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Hullabaloo


Monday, December 12, 2016

 
Two ways of looking at U.S. industrial policy

by Gaius Publius

I was of two minds,
Like a tree
In which there are two blackbirds.

    (with apologies to Wallace Stevens)

Much of the debate around U.S. trade policy — or "trade" policy, since so much of it really concerns capital flow and "investor rights" than it does actual trade — is really an attempt to define and direct U.S. industrial policy.

Here's one definition of "industrial policy":
The industrial policy of a country, sometimes denoted IP, is its official strategic effort to encourage the development and growth of part or all of the manufacturing sector as well as other sectors of the economy.[1][2][3] The government takes measures "aimed at improving the competitiveness and capabilities of domestic firms and promoting structural transformation."[4] A country's infrastructure (transportation, telecommunications and energy industry) is a major part of the manufacturing sector that often has a key role in IP.
Ignore the part about "aimed at improving the competitiveness of domestic firms," since industrial policy can have other, more pernicious goals, as you'll see shortly. Industrial policy certainly promotes "structural transformation" when it acts. In the same way, by inaction industrial policy leaves in place structures it prefers not to disturb.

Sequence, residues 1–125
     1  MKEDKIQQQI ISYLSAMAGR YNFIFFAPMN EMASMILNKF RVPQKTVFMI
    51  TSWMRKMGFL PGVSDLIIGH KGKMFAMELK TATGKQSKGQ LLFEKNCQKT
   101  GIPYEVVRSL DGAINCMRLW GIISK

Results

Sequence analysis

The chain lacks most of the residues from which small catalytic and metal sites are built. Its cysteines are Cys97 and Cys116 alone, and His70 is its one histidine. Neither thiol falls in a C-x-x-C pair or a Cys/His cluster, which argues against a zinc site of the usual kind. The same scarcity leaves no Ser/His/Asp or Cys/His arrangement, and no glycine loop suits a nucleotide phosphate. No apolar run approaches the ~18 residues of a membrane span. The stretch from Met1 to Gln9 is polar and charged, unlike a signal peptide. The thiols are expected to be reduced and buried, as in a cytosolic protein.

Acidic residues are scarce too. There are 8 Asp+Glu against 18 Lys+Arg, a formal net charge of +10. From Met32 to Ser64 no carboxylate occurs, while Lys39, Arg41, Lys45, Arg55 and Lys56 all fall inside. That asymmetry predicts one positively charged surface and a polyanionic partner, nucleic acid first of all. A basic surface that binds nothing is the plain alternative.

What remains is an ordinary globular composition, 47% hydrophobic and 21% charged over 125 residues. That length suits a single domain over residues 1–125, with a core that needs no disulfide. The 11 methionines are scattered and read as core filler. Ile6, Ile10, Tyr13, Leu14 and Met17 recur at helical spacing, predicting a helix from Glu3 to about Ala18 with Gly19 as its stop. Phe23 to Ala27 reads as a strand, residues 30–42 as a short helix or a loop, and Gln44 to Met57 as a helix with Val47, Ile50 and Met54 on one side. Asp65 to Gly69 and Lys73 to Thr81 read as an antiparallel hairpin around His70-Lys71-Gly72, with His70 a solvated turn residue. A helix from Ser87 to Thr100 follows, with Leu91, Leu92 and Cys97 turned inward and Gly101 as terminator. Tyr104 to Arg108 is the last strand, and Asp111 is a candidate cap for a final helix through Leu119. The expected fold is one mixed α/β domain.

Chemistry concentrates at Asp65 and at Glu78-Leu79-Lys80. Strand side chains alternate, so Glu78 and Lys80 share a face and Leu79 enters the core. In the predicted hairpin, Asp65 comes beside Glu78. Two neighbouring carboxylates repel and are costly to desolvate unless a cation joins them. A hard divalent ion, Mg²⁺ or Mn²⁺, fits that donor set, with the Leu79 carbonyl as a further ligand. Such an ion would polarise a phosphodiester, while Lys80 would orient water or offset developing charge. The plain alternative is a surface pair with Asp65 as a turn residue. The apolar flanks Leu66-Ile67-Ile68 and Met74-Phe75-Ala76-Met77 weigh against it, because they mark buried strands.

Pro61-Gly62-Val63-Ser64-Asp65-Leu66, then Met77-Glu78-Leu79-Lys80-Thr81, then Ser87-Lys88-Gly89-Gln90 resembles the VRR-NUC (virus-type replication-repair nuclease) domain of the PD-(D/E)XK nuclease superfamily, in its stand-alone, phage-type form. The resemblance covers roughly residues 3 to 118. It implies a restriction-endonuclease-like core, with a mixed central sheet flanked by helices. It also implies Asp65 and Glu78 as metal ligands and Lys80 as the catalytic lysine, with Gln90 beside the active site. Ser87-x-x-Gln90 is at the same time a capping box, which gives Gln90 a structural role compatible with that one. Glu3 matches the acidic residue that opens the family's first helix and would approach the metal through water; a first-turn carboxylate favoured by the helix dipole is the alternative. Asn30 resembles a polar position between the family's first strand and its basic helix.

In short, "industrial policy" is what a nation does or does not do to structure its manufacturing capability — its ability to produce good domestically, with domestic labor — as it wishes. In other words, the goal of a nation's industrial policy is to enable the wishes of the nation's leaders, whatever they are, even when those wishes are other than "improving the competitiveness of domestic firms."

Let's look at two definitions of current U.S. industrial policy, in particular, mine and Marcy Wheeler's. While quite different, these definitions are not mutually exclusive, since, as the piece quoted above points out, "Industrial policies are sector-specific." One (mine) deals largely with manufacturing for the privately financed consumer-based economy. Wheeler's deals largely with the publicly financed and supposedly military-based economy.

First my own definition, then Wheeler's.

U.S. Industrial Policy — Beggar the Nation to Enrich the Wealthy

If you consider the effect (i.e., the goal as practiced) of U.S. industrial policy, you can't in good conscience say it's "aimed at improving the competitiveness of domestic firms," since what would improve that competitiveness (that is, bolster the competitiveness of goods manufactured domestically) is the kind of protectionism practiced during the first 200 years of the nation's history, explicitly argued by Alexander Hamilton and adopted under the George Washington administration.